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An evening with Kirby Dick, Director of Academy Award nominated documentary, The Invisible War

By   /   May 2, 2013  /   Comments Off

  With no knowledge of the film’s subject matter, I took my seat in SRC 2000 excited to finally see the latest work from the director of Outrage and This Film Is Not Yet Rated. After a brief introduction by the movie’s director, Kirby Dick, Rotten Tomatoes’ 2012 Film of the Year began. 

To say I was baffled at the end of 90 minutes would be an grim understatement.

The documentary begins with women explaining their choice to join different facets of the military with supreme confidence, and how exhilarating each predicted their term of service to be. At this point, the film has reached its happiness-peak, as one-by-one, women start to describe their experience with abuse. One woman from the Coast Guard had been struck by her drunk supervisor after refusing sex with him – her jaw was dislocated and she has been on a soft diet for five years. The next had been raped at the Air Force Academy, then a woman from the Navy who added of her attackers, “if I said anything, they’d kill me.”

Soon the montage of women confirming they had been victims of sexual assault grew past what I could keep count of in my head and all the isolated incidents became one clear picture: this was – this is – a problem. Piling all the stories together effectively made the audience feel the heaviness of the subject matter. Woman after woman admitted to being assaulted; each with a different name, each from a different branch of service. It was such an overwhelming start to a story that does not have a happy ending.

“Over 20% of women have been sexually assaulted while serving; 80% do not report assault due to fear of intense retaliation.” Each time a textual statistic would appear on the screen, the whole audience would gasp as the facts and numbers regarding sexual assault in the military seemed to grow worse with time. Cases were dropped, rape kits were ‘lost’, victims were told to suck it up – told that it was an ‘occupational hazard.’ Invisible War drops the viewer into the nucleus of the problem, whether you have any experience with the military or not.

A male victim even shared his story of abuse, adding an unlimited, unsettling level of wrongdoing. Post-film we found out this was the hardest interview to come by, as it was near impossible to find a male from the past five years that would come forward about their abuse due to shame. There seemed to be no relief; most certainly no justice for these victims.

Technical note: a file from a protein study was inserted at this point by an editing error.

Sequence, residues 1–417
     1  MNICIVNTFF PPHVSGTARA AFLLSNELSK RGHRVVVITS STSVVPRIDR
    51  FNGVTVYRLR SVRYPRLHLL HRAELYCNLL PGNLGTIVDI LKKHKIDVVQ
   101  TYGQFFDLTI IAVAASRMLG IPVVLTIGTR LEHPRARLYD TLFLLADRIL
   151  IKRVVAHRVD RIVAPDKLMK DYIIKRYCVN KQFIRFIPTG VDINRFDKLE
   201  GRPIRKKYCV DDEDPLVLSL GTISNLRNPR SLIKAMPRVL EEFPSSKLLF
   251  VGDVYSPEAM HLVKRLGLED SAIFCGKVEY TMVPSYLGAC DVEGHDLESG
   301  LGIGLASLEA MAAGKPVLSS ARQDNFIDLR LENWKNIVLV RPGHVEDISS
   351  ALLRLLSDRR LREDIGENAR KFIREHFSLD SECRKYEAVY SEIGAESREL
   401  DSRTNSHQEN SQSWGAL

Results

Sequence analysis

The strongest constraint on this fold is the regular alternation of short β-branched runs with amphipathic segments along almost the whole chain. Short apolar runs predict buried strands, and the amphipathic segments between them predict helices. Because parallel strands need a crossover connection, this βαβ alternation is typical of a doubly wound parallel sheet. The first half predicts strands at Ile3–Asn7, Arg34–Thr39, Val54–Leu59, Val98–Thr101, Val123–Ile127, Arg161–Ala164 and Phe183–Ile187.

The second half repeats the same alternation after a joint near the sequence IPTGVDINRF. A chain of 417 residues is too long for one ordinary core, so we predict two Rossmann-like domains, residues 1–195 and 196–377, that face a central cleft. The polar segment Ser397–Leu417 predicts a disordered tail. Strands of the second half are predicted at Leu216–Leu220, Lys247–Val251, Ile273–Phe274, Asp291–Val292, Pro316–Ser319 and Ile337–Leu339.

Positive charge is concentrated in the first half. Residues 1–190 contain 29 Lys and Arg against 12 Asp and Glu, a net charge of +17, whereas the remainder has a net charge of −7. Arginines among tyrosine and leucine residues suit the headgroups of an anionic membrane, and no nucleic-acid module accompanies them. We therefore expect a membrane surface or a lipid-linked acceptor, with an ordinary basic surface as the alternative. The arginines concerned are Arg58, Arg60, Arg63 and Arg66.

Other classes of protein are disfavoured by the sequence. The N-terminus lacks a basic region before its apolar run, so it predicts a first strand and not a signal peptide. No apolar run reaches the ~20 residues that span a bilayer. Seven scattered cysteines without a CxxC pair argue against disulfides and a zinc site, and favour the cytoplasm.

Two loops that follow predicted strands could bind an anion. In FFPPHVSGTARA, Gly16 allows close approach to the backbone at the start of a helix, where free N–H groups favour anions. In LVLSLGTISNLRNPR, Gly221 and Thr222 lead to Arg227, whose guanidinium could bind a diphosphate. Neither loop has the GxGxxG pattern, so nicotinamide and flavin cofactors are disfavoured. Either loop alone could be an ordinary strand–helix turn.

The retribution for these men and women though is arriving swiftly from the overwhelming response to Invisible War. It is estimated that so far, over 250,000 military personnel have seen the film. Plus, it has been added to military training processes. Chief of Staff for the Air Force called in each of the 135 Wing Commanders from around the world to watch and discuss the film, a feat that may have never before been achieved in our nation’s history. Additionally, prosecution rights concerning assault cases have been taken away from commanders. Solid steps forward, but this documentary is just the start of the conversation.

Following the screening, I got a chance to talk with director Kirby Dick, and it was amazing to hear how knowledgeable he is about this subject without any direct ties to it. I asked him if he had any personal connection with the subject of Invisible War, or any other of his documentaries. Dick said that with the exception of This Film Is Not Yet Rated, he has no individual ties to the subjects of his films; he wanted to make people take a second look at things. He then discussed the importance of having courage when authority needs to be questioned. “I go around to colleges with this film and it prompts some to take a loot at assault on their campus.” While some administrations try to prevent people from speaking out, this director is all about planting seeds: “be the one to start the discussion.”

I asked then, if this film, among the others, is more of a journalistic mission. Taking a moment to collect his thoughts, he looked over his glasses at me with a smile. He said the bottom line is that he loves filmmaking and that there are too many people who want to classify ‘journalist,’ ‘advocate’ and ‘filmmaker’ as different things. Dick said, they are not: “if you’re going to try to fit into just one category, you’re going to end up censoring yourself… don’t let invisible parameters pin you down. Be as ambitious as you can be. Take risk, you have to. Go too far and let the audience tell you to pull it back.” As a fellow storyteller and advocate,  it is always reassuring to hear people that are successful in your field remind you that the sky is the limit. I am more than happy to have had the opportunity to see this important film, and touch base with such a strong industry voice.

 

 

 

Go to NOTINVISIBLE.ORG to find out more about protecting those who protect us… 

they are not invisible.

 

 

Want to see the film?

The Invisible War will air on

 

PBS, Mon. May 13

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About the author

Caroline Koch

I am a first year student at COD, avid concert-goer, music blogger and lover of Transformers. I worked on many a magazine while attending Arizona State University and now I run my dance music & culture blog with my brother: Operationhandhug.com (Go check it out!) arts@cod.edu 630-942-2660

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